By the mid-2010s, Nugent was in danger of becoming better known for his controversial politics than his music, making the title of 2014’s Shutup & Jam! incredibly fitting. The content is the usual combo of riff-heavy rock and red, white, and blue sentiment that you’re either a fan of or you’re not. If you’re easily offended (or maybe just have a fondness for decent songwriting), you might want to avoid the likes of I Love My BBQ (“Well the tofu just might kill you, baby/ Tossed salad make you weak/ I like to kill’em and grill’em, mama/ It’s protein that we seek! Somethin’s gonna die!”). If you can weather the weaker tracks, there’s actually a good selection of pickings to enjoy, including the beefy Fear Itself, the hooky title track and the surprisingly nuanced Never Stop Believing. It’s not an album that’s going to convert any nonbelievers to the cause, for if you’ve already bought into Nugent’s brand, it’s a fun listen.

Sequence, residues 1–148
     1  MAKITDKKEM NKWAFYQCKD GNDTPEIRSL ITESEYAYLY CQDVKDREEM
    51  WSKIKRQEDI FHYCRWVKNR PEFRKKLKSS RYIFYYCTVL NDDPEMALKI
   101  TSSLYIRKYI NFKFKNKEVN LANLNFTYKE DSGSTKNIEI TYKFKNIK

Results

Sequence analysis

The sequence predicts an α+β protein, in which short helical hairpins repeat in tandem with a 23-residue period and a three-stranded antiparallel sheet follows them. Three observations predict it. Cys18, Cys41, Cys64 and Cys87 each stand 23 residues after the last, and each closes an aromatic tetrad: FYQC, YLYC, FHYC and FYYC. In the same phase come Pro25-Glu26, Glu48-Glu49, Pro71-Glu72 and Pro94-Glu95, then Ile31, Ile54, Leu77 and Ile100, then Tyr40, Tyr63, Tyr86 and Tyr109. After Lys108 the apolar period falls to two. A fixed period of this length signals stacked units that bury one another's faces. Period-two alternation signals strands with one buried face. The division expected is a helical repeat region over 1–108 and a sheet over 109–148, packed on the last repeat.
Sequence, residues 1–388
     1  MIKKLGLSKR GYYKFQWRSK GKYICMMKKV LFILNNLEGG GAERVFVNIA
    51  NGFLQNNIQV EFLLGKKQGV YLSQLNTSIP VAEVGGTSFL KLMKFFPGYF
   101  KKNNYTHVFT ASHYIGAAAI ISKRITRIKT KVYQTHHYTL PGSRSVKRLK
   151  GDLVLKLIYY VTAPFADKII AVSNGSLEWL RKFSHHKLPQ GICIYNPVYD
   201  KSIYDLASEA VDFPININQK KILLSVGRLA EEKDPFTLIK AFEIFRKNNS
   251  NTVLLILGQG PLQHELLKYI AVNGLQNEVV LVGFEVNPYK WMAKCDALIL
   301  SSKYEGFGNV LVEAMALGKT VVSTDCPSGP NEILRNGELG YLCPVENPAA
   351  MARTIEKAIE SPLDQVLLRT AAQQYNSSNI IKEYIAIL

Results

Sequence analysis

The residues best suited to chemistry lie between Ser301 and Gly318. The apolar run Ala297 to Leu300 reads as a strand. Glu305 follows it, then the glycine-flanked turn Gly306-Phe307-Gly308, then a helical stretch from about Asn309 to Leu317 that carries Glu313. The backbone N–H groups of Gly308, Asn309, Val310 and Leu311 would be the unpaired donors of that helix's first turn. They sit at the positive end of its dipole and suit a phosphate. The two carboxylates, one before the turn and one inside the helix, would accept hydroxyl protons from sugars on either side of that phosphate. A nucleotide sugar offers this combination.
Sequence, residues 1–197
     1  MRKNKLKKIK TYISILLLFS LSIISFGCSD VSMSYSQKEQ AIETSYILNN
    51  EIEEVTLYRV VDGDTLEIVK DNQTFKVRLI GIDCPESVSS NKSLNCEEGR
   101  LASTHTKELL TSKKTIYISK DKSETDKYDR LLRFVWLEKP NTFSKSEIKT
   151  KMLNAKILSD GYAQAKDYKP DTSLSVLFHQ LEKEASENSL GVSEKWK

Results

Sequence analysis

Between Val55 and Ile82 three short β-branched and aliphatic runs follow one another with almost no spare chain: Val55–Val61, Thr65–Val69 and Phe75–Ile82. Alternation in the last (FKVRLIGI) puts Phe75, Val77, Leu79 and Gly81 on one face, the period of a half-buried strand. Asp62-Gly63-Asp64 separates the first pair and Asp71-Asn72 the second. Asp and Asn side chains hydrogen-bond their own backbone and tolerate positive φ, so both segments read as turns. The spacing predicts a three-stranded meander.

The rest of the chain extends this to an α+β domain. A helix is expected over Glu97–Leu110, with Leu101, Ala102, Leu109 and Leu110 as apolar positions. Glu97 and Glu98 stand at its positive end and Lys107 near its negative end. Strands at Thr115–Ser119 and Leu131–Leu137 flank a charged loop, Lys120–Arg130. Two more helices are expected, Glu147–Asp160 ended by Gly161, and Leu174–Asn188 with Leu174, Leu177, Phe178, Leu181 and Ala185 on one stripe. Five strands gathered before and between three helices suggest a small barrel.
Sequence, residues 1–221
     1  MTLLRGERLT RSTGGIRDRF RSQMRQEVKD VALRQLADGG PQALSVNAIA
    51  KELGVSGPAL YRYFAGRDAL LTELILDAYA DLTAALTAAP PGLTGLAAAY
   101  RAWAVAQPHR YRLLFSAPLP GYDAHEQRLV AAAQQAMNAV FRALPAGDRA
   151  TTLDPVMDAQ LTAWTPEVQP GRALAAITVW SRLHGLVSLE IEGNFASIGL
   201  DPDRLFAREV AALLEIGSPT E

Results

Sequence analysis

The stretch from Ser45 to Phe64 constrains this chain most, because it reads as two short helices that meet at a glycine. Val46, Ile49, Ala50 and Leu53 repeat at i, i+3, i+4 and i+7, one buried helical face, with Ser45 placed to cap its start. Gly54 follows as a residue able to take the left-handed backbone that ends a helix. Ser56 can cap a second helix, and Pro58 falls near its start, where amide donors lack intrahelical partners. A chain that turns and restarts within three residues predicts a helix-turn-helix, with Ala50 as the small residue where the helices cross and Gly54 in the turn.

6. Weekend Warriors
After the multi-platinum success of Cat Scratch Fever, Weekend Warriors felt like something of a letdown. Considering the band changes – the immensely undervalued Derek St. Holmes had left (albeit temporarily), as had founding bassist Rob Grange, who’d departed under a cloud after suggesting that Nugent was putting too much money into building his hunting empire to have anything left to pay the band – the anti-climax was probably to be expected. Still, it’s by no means a travesty. While it may not be in the same league as its predecessor, it offers a decent enough selection of underrated rockers like the enjoyable Need You Bad, Name Your Poison and the title track to keep fans happy.